GORDON WHITE: Local Resident Linked to Thompson's Home Run
During the Great Depression, friends helped friends in many ways -- from sharing food and clothing to assistance in job hunting.
In those troubling days just prior to World War II there were a couple of young North Carolina gentlemen from Gaston County who loved baseball and knew jobs were not easy to come by. Then, after WW II both of these Carolina natives sought fame and fortune in the Big Apple.
But had it not been for the helping hand of one of these fellows, the other one might never have become the best known table setter in the history of Major League baseball.
The younger of the two was Carroll (Whitey) Lockman, the New York Giants' first baseman-outfielder whose greatest day in the spotlight came late in the afternoon of Oct. 3, 1951, when he set the stage for Bobby Thomson's famous pennant-winning home run against the hated Brooklyn Dodgers in the Polo Grounds.
The other one in this neighborly duo was my dear friend, John Derr, now a retired gentleman of leisure in Pinehurst, who became famous for reporting on such epic athletic achievements as Thomson's homer, while he was director of sports for CBS in New York.
Whitey Lockman, who played 13 years for the Giants of New York and San Francisco, died 11 days ago in Scottsdale, Arizona. He spent more than half a century in Major League baseball as a player, manager, coach, front office executive and personnel scout. He managed the Chicago Cubs, 1972-1974.
Unusually fast for a first baseman, Lockman had his big day by scoring the tying run against the Dodgers just ahead of Thomson, who scored the winning run to conclude one of the greatest comebacks in Major League baseball history.
The Giants trailed the National League-leading Brooklyn Dodgers by 13.5 games on August 11, 1951.
From that point on the Giants established one of baseball's most amazing streaks by winning 37 of their last 44 games to tie the Dodgers at the end of the regular season.
National League rules called for a best two out of three playoff to establish the pennant winner. The two teams split the first two games as the Giants won, 3-1, Monday, Oct. 1, 1951, at Ebbets Field in Brooklyn, and the Dodgers won the next day, 10-0, behind the shutout by Clem Labine at the Polo Grounds.
This meant a deciding game at the Polo Grounds, Wednesday, Oct. 3.
The Dodgers took a 4-1 lead into the bottom of the ninth inning with the overworked but usually reliable Don Newcombe pitching.
Alvin Dark led off the bottom of the ninth with a single and Don Mueller followed with a single to right just out of the reach of the diving Gil Hodges, the Brooklyn first baseman. Dark got around to third. Then Monte Irvin, who led the National League in runs batted in that year with 121, went for the first pitch Newcombe threw to him and popped out to leave men on first and third with one away.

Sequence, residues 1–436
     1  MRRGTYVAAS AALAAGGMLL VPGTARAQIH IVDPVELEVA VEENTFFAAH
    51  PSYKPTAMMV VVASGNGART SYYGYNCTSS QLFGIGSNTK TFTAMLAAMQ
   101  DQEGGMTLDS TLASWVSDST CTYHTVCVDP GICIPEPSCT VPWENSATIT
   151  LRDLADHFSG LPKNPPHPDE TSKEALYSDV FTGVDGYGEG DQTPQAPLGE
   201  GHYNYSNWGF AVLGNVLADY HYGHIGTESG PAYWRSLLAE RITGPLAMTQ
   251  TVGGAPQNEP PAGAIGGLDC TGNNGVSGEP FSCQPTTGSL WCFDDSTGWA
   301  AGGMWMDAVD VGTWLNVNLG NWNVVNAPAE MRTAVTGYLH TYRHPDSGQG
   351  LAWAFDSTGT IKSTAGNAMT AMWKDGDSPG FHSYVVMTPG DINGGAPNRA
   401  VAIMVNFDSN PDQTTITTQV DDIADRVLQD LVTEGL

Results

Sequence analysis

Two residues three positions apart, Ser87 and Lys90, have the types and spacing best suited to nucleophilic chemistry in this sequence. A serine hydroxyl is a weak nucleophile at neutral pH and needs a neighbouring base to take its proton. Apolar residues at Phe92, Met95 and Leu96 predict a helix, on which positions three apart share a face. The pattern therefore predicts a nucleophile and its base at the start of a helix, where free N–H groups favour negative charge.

This is when Whitey Lockman, a left-handed batter, slammed an outside pitch down the left field line for two bases.
Dark scored easily and Mueller got to third where he slid into the base so awkwardly that he broke an ankle. Manager Leo Durocher of the Giants sent Clint Hartung in to run for Mueller.
By setting the stage for Bobby Thomson, the next batter, Lockman had just forced the Dodgers to make the last and most telling adjustment to the cast acting out this drama below Coogan's Bluff.
It came when Charlie Dressen, the Dodger manager, replaced Newcombe with Ralph Branca to face Thomson. This was a suspect move since Branca gave up a 2-run home run to Thomson that proved the difference in the first playoff game two days earlier.
Branca's first pitch to the right-handed hitting Thomson this time was right over the middle of the plate for a strike. Then Branca went high and hard inside to Thomson, who turned fast and yanked the ball down the short left field line and into the seats less than 280 feet from home plate in the old Polo Grounds.
In came Hartung to make it 4-3, followed by Lockman to tie the score and then Thomson to win the National League pennant.
But what if John Derr had not offered to help Lockman find a job playing organized professional baseball instead of playing for a cotton mill team years before that 1951 day of glory? How very big is that tiny word "if"!
Derr was born and grew up in Dallas, just north of Charlotte in Gaston County. Ten years later, Whitey Lockman was born in Lowell, which is next door to Dallas.
The Derrs and Lockmans established friendships as John became a teenager and Whitey was becoming a child athlete of note. John Derr's older sister, Mabel, and Whitey's older sister, Nell, worked together at a company in Charlotte.